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Current challenges in the development of new treatments for lupus
  1. Maria Dall'Era1,
  2. Ian N Bruce2,
  3. Caroline Gordon3,
  4. Susan Manzi4,
  5. Janis McCaffrey5,
  6. Peter E Lipsky6
  1. 1Division of Rheumatology and Russell/Engleman Rheumatology Research Center, University of California San Francisco, San Francisco, California, USA
  2. 2Arthritis Research UK Centre for Epidemiology, Medicine and Health, The University of Manchester and NIHR Manchester Biomedical Research Centre, Manchester University Hospitals NHS Foundation Trust, Manchester Academic Health Science Centre, Manchester, UK
  3. 3Institute of Inflammation and Ageing, University of Birmingham, Edgbaston, Birmingham, UK
  4. 4Lupus Center of Excellence, Allegheny Health Network, Pittsburgh, Pennsylvania, USA
  5. 5Private Consultative Practice, West Vancouver, British Columbia, Canada
  6. 6RILITE Research Institute, Charlottesville, Virginia, USA
  1. Correspondence to Dr Maria Dall'Era, UCSF School of Medicine, University of California San Francisco, San Francisco, CA, USA; Maria.DallEra{at}ucsf.edu

Abstract

Systemic lupus erythematosus (SLE) is a chronic autoimmune disease with a considerable impact on patients’ quality of life. Despite the plethora of clinical trials for SLE since the turn of the millennium, only one new treatment has been approved for the condition, and the overall pace of successful drug development remains slow. Nevertheless, the myriad of clinical studies has yielded insights that have informed and refined our understanding of eligibility criteria, outcome measures and trial design in SLE. In this review, we highlight the achievements of clinical trials as well as the major pitfalls that have been identified in drug development for SLE and, in doing so, identify areas where collaboration and consensus will be important to facilitate progress.

  • systemic lupus erythematosus
  • lupus nephritis
  • autoimmune diseases
  • autoantibodies

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Footnotes

  • Handling editor Josef S Smolen

  • Contributors Substantial contributions to the development of this publication, or revising it critically for important intellectual content: MD, INB, CG, SM, JM and PEL; final approval of the publication: MD, INB, CG, SM, JM and PEL.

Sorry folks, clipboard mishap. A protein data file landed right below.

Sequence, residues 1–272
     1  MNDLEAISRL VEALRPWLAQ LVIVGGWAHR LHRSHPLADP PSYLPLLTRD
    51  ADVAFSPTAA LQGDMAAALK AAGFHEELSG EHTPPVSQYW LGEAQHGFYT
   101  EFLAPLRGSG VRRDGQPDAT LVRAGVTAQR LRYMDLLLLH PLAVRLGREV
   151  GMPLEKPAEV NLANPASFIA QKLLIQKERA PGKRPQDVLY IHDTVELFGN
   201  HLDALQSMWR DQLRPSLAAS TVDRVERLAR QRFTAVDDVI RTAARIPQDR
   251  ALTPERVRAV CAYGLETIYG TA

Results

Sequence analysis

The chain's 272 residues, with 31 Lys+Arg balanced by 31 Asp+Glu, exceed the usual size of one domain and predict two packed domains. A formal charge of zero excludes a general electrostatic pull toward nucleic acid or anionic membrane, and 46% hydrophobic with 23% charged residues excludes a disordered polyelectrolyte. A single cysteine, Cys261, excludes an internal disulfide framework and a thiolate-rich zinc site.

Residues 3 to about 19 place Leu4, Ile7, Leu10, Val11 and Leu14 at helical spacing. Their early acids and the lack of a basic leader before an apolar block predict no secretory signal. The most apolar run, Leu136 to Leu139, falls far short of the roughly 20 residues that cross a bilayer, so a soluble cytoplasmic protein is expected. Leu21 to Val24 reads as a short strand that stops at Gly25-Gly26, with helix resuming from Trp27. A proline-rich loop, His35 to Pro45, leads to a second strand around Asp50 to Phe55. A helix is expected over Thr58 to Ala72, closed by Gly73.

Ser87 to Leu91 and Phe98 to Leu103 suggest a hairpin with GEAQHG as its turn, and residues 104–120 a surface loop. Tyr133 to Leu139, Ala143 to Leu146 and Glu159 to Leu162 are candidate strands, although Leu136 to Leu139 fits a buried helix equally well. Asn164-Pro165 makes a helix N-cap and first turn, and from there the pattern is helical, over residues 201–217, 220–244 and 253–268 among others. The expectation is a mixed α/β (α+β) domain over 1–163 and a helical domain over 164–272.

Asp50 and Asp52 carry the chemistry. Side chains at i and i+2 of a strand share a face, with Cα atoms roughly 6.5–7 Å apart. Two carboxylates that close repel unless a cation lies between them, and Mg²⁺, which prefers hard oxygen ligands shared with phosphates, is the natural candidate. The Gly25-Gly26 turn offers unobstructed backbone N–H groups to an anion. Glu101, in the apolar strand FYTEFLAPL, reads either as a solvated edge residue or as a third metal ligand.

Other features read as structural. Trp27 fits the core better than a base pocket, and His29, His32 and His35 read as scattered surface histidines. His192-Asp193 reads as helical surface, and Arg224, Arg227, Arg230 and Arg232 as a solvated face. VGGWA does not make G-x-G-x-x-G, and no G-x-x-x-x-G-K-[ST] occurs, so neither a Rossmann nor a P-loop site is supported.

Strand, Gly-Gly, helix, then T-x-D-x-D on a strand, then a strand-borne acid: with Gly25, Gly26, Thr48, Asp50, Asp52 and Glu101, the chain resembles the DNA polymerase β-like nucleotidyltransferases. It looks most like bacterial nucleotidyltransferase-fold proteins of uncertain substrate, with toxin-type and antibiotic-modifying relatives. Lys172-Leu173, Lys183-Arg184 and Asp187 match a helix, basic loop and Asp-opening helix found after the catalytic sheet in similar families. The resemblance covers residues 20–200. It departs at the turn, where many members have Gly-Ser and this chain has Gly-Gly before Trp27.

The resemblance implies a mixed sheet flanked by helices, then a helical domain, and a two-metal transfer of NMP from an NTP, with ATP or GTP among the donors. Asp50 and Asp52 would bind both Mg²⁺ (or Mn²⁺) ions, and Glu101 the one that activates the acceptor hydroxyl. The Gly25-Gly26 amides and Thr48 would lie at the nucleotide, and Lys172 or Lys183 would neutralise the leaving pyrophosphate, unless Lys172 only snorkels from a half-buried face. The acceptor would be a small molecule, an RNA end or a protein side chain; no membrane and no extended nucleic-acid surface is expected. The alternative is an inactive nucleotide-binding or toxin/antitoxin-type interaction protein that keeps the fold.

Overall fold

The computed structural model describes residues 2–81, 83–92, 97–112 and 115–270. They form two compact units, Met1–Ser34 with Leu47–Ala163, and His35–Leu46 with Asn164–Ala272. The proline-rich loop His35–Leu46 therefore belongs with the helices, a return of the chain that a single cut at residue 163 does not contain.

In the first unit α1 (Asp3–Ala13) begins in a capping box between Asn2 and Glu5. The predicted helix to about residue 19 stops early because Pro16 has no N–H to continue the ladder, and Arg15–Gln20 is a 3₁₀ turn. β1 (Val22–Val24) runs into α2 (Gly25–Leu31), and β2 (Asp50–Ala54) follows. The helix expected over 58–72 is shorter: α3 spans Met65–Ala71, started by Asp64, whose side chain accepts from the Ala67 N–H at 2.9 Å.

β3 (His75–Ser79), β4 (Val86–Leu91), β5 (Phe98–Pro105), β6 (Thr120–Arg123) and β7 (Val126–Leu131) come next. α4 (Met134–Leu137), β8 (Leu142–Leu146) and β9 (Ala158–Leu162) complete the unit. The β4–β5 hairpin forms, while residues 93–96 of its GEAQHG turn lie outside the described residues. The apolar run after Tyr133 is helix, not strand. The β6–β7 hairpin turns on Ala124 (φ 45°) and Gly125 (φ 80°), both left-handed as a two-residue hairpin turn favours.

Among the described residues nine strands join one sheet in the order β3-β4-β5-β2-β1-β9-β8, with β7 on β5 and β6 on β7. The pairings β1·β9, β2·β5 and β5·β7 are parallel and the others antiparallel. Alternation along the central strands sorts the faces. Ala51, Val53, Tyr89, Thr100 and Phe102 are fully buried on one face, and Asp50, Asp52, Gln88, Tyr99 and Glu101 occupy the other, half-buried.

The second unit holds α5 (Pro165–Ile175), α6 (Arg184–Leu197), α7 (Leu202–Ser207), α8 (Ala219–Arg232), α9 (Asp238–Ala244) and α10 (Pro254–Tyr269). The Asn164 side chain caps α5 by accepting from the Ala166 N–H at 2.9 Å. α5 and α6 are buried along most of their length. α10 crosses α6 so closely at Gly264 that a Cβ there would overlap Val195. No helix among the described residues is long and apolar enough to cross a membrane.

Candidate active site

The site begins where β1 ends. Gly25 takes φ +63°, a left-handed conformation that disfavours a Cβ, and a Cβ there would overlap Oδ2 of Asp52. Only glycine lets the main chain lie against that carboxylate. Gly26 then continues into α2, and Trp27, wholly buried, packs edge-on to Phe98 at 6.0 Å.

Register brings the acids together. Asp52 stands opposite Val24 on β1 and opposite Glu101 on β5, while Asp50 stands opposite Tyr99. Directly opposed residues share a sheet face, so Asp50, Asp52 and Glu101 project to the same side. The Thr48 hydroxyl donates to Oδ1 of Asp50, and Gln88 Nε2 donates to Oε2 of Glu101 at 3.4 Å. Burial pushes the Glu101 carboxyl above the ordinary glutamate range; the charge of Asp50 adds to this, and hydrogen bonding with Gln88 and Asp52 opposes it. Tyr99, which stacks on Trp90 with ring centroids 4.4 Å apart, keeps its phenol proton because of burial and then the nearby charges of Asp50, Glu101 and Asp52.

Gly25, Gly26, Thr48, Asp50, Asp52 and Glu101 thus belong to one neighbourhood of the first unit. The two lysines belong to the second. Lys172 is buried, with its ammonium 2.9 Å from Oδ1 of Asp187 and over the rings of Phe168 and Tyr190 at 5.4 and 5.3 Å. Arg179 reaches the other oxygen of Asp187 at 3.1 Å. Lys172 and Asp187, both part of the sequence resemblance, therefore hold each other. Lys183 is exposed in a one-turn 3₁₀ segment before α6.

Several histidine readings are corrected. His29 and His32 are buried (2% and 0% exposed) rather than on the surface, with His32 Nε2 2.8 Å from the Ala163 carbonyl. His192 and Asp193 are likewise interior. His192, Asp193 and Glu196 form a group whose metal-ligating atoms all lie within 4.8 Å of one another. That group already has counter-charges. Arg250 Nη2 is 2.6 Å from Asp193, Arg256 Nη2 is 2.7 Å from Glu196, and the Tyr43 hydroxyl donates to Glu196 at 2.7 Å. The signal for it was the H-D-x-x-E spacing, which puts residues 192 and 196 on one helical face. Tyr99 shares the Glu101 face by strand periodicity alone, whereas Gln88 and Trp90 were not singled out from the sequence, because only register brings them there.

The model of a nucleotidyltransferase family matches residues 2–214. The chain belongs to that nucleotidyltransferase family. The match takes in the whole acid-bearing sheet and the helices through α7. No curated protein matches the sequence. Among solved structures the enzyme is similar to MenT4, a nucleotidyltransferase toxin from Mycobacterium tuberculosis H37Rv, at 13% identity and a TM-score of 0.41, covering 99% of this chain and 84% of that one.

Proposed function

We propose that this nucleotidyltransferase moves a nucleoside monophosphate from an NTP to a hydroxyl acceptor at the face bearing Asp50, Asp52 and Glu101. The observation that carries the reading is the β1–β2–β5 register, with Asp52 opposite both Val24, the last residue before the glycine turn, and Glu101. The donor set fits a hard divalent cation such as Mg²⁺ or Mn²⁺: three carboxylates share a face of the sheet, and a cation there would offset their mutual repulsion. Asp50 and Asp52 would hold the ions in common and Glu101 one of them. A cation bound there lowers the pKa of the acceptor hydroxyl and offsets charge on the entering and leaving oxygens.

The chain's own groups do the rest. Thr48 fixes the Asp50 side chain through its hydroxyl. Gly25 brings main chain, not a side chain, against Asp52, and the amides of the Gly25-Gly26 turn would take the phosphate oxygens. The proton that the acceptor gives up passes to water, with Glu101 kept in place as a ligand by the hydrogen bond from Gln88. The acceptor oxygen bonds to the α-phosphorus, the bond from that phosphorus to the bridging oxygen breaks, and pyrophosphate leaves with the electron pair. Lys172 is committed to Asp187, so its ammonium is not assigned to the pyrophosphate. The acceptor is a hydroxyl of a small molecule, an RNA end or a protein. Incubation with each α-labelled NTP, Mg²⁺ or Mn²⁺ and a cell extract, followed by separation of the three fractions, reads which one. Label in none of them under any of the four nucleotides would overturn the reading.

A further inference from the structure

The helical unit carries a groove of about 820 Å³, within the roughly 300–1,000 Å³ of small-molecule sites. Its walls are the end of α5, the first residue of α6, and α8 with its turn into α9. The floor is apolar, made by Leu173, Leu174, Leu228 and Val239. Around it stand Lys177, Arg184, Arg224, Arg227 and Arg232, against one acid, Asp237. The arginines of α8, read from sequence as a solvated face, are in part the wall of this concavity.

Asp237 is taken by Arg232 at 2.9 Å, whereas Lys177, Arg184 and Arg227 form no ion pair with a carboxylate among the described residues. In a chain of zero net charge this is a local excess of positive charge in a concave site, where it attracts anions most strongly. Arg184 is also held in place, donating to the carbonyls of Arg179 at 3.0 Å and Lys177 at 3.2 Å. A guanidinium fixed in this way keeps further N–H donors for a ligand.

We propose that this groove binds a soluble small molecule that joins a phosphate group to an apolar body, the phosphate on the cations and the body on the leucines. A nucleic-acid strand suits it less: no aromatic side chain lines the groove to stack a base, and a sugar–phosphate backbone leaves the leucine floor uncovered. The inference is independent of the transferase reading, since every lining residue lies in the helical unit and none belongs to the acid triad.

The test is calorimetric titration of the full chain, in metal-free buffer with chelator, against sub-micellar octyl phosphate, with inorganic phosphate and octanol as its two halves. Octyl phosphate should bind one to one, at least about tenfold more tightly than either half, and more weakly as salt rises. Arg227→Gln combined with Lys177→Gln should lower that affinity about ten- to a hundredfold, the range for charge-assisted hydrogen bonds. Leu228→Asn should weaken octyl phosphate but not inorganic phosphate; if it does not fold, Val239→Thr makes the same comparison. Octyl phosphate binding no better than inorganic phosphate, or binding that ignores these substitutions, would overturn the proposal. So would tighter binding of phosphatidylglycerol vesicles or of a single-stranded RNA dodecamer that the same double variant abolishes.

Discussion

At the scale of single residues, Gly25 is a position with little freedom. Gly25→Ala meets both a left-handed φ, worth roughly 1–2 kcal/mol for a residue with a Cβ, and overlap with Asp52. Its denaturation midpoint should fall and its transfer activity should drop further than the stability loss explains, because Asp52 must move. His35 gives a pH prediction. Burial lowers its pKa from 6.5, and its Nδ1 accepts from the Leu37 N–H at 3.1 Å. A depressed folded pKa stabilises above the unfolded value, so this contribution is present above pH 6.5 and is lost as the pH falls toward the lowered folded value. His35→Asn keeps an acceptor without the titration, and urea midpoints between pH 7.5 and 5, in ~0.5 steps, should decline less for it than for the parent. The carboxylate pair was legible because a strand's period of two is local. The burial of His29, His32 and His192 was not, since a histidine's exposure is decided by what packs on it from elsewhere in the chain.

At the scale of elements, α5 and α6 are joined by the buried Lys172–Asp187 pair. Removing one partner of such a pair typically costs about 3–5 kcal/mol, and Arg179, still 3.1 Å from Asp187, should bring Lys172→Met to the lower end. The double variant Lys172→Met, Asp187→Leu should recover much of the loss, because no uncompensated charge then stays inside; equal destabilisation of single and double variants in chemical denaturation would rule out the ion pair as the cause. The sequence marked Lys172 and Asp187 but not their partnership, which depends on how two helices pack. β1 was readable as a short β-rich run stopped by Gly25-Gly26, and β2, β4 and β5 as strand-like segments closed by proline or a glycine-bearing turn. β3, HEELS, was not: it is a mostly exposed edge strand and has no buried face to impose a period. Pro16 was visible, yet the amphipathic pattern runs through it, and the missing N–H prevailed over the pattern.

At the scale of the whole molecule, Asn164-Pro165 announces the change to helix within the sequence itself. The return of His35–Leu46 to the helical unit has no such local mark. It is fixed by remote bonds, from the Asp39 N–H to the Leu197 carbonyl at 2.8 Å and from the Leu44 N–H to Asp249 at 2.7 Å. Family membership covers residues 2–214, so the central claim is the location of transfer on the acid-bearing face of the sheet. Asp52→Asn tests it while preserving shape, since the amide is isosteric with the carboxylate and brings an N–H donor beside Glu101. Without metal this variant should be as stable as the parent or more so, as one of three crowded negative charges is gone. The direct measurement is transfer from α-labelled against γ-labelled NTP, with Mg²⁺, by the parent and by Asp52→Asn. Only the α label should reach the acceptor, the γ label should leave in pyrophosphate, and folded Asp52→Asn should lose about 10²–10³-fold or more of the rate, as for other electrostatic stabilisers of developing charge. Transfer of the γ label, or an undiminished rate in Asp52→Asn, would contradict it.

• Funding This article was funded by UCB Pharma.

  • Disclaimer The views expressed in this publication are those of the author(s) and not necessarily those of the NHS, the NIHR, or the Department of Health.

  • Competing interests INB is a National Institute for Health Research (NIHR) senior investigator and is supported by the NIHR Manchester Biomedical Research Centre. He has also received grants from Genzyme Sanofi and GSK and undertaken consultancies and speakers’ bureau for GSK, AstraZeneca, UCB Pharma, Merck Serono, Genzyme Sanofi, Eli Lilly and BMS. CG has undertaken consultancies and received honoraria from BMS, GSK, EMD Serono and UCB Pharma, related to clinical trial design and analysis. CG has also been a member of the speakers’ bureau for GSK and UCB Pharma. She has received research grant support at Sandwell and West Birmingham Hospitals NHS Trust from UCB Pharma in the past and currently, unrelated to the study of any specific drug and without any personal payments to herself. She has participated in clinical trials sponsored by UCB Pharma in the past and funded by Arthritis Research UK, with drug supplied by GSK currently. She has no financial interests in any of these companies and does not and will not benefit from the sales of any drugs manufactured or developed by them. SM has a patent portfolio that was licenced and commercialised by Exagen, Inc. She has served as a consultant or member of an advisory board for Exagen, Inc, GSK, UCB Pharma and AstraZeneca. She serves as the Chair, Board of Directors for the Lupus Foundation of America. MD, JM and PEL have no conflicts of interest to declare.

  • Patient consent for publication Not required.

  • Provenance and peer review Not commissioned; externally peer reviewed.

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